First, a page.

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  • Michael Krakovskiy 11:16 pm on December 9, 2011 Permalink | Reply

    About This Site 

    What’s all this then?

    Dead Programmer’s Cafe is basically a rather unfocused blog with a few running themes. I write a lot about New York City and in particular subway, architecture and NYPD. There are a lot of posts about weird food, all things caffeinated, logos and symbols, stuff made out of unobtainium. I take lots and lots of pictures, sometimes with a running theme also, like the 100 Views of the Empire State Building. Sometimes, I even write about my dreams.

    Why do I blog?

    Mostly in a hope of making friends and improving my writing. Dead Programmer’s Cafe started as a website in 1996 or 1997. It became a Livejournal blog, and now is a customized WordPress blog. About the name: The name is an obscure pun on a Russian sci-fi novel “Dead Mountaineer’s Hotel” (“Inspector Glebsky’s Puzzle” in English translation) by Boris and Arkady Strugatsky. In hindsight, this is a poor choice of a name for a weblog. A bit morbid, a bit confusing. A lot of people are probably thinking – hey, it’s a Grateful Dead-loving hippie. Also, I almost rarely write about computer programming.

    Colophon:

    The picture on the left is a piece of commissioned original art by Jesse Reklaw. The masthead is a munged illustration from some pulp magazine in my collection.

    Blogging software:WordPress.

    Hosting: Linode

    Cameras: EOS1 Ds (current)   Canon Digital Rebel XT   Canon Digital RebelCanon Powershot G5Canon Powershot G3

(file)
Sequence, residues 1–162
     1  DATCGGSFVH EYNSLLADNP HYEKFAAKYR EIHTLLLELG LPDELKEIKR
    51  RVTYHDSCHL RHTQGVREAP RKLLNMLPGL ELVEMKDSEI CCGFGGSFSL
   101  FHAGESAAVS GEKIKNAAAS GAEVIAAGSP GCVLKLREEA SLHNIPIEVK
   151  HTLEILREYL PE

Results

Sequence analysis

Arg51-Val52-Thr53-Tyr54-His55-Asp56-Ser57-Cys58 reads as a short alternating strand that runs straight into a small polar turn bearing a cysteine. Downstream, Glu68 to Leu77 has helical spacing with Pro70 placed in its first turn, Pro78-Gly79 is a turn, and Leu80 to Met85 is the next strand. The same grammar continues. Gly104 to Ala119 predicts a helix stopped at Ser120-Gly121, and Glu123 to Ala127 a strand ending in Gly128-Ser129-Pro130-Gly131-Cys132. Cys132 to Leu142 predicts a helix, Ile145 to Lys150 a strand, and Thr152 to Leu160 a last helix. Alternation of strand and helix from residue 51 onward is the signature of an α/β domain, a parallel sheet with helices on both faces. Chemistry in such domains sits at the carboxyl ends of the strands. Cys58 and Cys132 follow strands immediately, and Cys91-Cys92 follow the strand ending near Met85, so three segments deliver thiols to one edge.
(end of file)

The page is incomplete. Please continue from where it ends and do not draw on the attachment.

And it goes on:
Lenses:Canon EF 100-400mm f4.5-5.6L IS USMCanon EF-S 17-85mm f/4-5.6 IS USM

    Espresso Machine:Reneka Techno Aerobie Aeropress

    Espresso:Kaffe 1668 Espresso VivaceVictrola CoffeeJoe the Art of Coffee

    Fancy Photo borders: Photo/Graphic Edges

    What others thought about deadprogrammer.com :

    Joel on Software: “deadprogrammer, whose website Deadprogrammer’s Cafe best illustrates, through beautiful photonarratives, my theory that “New York is the kind of place where ten things happen to you every day on the way to the subway that would have qualified as interesting dinner conversation in Bloomington, Indiana, and you don’t pay them any notice.”

     Blogwandering: “wonderfully weird and quirky”

    TheWebFarm Blogs “DeadProgrammer’s Cafe This is a rather clever and interestng site that i wish i had found a while ago.”

    thisdarkqualm: “you might also take a longer look at deadprogrammer, an interesting new-to-me photo-blog I came across via one of those websites that I think I’m too chicken to link to”.

    TheWebFarm Blogs “DeadProgrammer’s Cafe This is a rather clever and interestng site that i wish i had found a while ago.”

    bbum’s blog-o-mat: “Dead Programmer’s Cafe is some powerful good stuff. Interesting writing and awesome photography”.

    Mrhipster: “another dorky blog dude who likes to take pictures of random things around the city”.

    baus.net: a fun blog, that you might not already know about: Dead Programmer’s cafe. It has a lot of great pictures of NYC, with some programming insight thrown in for good measure.

    coffeefog.com: “We heart deadprogrammer.”

    rich: “a NY programmer, I guess, doing you know, stuff”

    Lightning_Gyroscope: “Cool stuff here”

    bolinar.com : “Este programador que imigrou para os EUA aos 16 anos, escreve sobre a cidade em que vive, suas viagens e outros tópicos que acha interessantes. As fotos são um destaque do blog.  Este certamente é um dos blogs em que me inspirei para criar este que você está lendo, portanto vale uma visita ao Deadprogrammer’s Cafe.”